Looi Yoke Tho, a Malaysian poet, has read Gu Cheng since his youth. Similar to Gu Cheng, he began to write poems in his teens. In his view, Gu Cheng’s poems are full of the beauty of fairy tales and the cruelty of reality. The influence of his poetic style is not just limited to one generation only.
Owen Yap and Looi Yoke Tho would take you to meet Gu Cheng, who is looking for light in the dark.
When Tan Chia Yong met Leung Man-Tao
Common sense is actually honesty. This is a dialogue between two senior news anchors, who broadcast the worldly turbulences day and night. Tan Chia Yong remarked that the simplest way to say ‘general knowledge” is common sense. We all know things. But look at these worldly turmoil, do we really have the so-called common sense?
Hong Kong writer Leung Man-tao assembled the current affairs review of previous years into a collection and published it as an anthology on current affairs entitled “Common Sense”. It rendered some razor-sharp analysis and review on current affairs, politics, civic education, and the likes. Chia Yong could still reap surprises after first and repeated readings thereby augmenting new common sense.
Common sense is simply common sense. It is thought to be innate at first glance. But in fact common sense is a kind of accumulation of experiences in life as it becomes routine or daily because it has been tested over and over again. But does every day mean that it can be eternal?
Owen Yap and Tan Chia Yong together took you to meet Leung Man-tao, who is honest and faces common sense.
When Duo La met Pan Xiangli
As the ancient saying muses: A man is wary of ending up with the wrong profession, but a woman is afraid of marrying the wrong man.”
It seems to have set a tone, men without a career are failures, and women without a happy love family are deemed likewise too. But do people really want to exist in order to realise the imagination of others?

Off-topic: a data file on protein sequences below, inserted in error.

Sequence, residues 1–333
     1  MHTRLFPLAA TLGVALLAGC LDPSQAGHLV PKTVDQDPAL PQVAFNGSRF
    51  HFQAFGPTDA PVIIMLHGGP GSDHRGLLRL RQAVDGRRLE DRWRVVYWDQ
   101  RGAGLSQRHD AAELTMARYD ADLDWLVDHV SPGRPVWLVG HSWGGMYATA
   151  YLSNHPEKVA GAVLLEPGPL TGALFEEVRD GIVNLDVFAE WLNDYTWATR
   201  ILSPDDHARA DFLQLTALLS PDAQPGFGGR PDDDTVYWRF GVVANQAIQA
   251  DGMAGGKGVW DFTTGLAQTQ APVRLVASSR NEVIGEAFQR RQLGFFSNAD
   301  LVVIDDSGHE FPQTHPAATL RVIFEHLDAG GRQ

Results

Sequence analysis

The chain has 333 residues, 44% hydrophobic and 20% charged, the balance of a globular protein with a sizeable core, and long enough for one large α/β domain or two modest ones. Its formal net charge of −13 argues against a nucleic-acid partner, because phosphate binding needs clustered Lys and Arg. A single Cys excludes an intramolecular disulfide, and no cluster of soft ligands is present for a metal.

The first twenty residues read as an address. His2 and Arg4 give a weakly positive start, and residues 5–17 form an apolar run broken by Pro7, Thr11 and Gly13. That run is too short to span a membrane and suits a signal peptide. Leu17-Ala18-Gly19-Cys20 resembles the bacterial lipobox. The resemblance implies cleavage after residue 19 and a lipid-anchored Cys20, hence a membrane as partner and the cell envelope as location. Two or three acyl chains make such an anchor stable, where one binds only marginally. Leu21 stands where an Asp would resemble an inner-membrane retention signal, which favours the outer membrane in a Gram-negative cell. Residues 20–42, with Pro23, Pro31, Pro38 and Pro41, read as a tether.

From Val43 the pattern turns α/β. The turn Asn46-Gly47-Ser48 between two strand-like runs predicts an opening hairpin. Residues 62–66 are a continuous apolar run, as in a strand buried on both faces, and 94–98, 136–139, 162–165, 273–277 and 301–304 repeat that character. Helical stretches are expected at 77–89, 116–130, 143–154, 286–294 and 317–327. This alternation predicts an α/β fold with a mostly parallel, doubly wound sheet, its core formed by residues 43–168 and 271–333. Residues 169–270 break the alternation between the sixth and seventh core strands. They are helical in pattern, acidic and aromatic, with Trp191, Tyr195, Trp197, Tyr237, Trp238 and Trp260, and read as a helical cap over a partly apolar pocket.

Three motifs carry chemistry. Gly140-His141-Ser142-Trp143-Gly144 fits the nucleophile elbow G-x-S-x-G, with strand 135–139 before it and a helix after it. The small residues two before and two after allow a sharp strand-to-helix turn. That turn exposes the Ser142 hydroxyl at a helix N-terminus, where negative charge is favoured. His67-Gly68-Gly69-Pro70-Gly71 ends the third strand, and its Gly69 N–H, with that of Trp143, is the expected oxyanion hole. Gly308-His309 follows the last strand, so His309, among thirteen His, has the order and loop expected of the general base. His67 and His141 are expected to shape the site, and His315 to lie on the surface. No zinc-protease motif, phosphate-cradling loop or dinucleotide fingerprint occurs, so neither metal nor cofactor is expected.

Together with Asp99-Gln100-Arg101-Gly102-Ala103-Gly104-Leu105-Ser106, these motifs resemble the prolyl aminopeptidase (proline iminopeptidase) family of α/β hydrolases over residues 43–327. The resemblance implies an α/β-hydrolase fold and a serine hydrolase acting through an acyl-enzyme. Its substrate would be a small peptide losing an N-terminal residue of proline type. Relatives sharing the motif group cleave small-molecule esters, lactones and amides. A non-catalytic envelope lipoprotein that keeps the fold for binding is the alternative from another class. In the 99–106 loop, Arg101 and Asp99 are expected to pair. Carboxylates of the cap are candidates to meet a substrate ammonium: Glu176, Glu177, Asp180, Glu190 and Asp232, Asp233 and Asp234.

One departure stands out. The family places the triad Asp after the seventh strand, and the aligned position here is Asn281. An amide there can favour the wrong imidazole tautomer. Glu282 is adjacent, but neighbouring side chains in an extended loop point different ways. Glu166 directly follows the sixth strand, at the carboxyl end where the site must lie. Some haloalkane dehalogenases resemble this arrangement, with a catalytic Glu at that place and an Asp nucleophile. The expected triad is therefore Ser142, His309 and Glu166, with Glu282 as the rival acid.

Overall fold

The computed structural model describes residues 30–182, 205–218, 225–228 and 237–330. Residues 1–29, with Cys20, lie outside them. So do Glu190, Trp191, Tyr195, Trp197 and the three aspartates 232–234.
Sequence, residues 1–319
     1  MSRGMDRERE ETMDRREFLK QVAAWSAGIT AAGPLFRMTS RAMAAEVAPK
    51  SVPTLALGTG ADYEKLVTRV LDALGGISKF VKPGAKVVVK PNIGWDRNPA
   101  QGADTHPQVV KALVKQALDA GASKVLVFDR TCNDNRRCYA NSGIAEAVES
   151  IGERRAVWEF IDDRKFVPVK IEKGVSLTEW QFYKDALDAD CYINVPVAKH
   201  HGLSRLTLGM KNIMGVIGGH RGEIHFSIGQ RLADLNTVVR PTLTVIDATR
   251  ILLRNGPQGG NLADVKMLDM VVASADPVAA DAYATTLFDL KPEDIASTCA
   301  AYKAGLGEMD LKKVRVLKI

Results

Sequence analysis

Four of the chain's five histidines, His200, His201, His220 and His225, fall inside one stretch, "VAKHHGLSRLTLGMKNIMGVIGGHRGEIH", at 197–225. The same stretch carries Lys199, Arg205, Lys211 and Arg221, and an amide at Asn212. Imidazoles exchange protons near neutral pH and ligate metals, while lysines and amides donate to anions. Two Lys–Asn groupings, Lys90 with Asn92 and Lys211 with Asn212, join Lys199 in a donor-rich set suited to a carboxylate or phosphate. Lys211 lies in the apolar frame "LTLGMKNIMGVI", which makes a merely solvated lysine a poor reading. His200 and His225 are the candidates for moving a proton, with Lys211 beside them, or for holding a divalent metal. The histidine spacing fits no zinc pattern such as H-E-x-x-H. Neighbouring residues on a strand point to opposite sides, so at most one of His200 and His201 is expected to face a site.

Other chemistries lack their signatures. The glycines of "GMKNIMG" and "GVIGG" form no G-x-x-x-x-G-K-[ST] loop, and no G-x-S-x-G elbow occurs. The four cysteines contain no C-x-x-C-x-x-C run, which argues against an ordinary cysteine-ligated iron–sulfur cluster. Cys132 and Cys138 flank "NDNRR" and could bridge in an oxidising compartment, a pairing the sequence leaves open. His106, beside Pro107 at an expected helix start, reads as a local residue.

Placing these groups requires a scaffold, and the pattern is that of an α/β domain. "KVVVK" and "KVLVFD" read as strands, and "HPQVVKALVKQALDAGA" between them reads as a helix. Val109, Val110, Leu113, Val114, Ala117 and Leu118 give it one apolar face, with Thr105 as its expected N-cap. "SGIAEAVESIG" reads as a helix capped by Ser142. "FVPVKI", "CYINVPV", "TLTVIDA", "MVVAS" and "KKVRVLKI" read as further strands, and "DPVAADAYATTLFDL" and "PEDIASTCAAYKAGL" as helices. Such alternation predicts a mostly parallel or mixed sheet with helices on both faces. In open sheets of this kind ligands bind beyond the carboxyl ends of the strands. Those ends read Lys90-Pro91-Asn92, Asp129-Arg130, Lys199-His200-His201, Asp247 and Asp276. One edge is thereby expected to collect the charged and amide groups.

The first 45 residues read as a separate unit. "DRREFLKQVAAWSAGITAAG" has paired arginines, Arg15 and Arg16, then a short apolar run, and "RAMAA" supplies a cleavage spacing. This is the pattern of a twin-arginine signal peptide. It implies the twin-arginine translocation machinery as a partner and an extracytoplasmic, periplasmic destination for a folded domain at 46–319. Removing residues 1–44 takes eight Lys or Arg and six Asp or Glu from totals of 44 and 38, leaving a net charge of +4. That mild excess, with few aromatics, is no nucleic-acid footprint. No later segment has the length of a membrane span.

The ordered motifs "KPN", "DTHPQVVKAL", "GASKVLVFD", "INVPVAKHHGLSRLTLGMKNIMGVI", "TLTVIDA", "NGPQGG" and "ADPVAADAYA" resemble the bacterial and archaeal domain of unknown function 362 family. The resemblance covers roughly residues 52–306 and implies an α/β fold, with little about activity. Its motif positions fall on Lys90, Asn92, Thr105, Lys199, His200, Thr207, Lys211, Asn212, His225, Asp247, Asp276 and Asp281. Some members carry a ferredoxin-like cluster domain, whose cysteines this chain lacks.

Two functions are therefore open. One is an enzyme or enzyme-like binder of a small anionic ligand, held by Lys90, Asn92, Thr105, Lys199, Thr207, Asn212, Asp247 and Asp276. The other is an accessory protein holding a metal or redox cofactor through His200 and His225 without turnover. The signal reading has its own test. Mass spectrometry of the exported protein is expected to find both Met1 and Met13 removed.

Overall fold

Chinese author Pan Xiangli discussed this problem in “green chiretta” or “chuan xin lian”. “Chuan xin lian” refers to a lotus seed with its heart pierced and there will be no bitterness ever since.
Can our life be like this? Without intention, there can be no desire, no hope, without pain or bitterness?
Owen Yap and Du La took you together to meet pan Xiangli who penetrates a woman’s heart.
When Fang Lu met Mo Yan
Fang Lu, a Malaysian writer who has been in contact with Mo Yan’s works since 1989, said that what attracted him most was the way he told stories and his ability to master novels. “Mo Yan once used 1500 words to describe a sunset, which is very powerful.”
Owen Yap together with Fang Lu, would take you to meet Nobel Prize winner, Mo Yan.
When Lee Xin Yi met Mao Jian
How long has it been since you last read a good book?
In this era of information explosion, people pursue fast and accurate information, especially fast. In the face of all kinds of news changing rapidly on social networks which is not only the convenience brought by the development of science and technology, but also it causes us to lose the ability to read and fathom things slowly.
Mao Jian, a Chinese female author who once said that in the past it was the literati who did the writing for the public to read. Now it is mass writing, but no one reads it. In this age when everyone is eager to talk, yet no one has the patience to listen at all. Malaysian artist Lee Xin Yi reckons that reading has become extremely valuable, even weirdly expensive.
Owen Yap and Lee Xin Yi will take you to meet Mao Jian, a female author who has both elegance and profanity.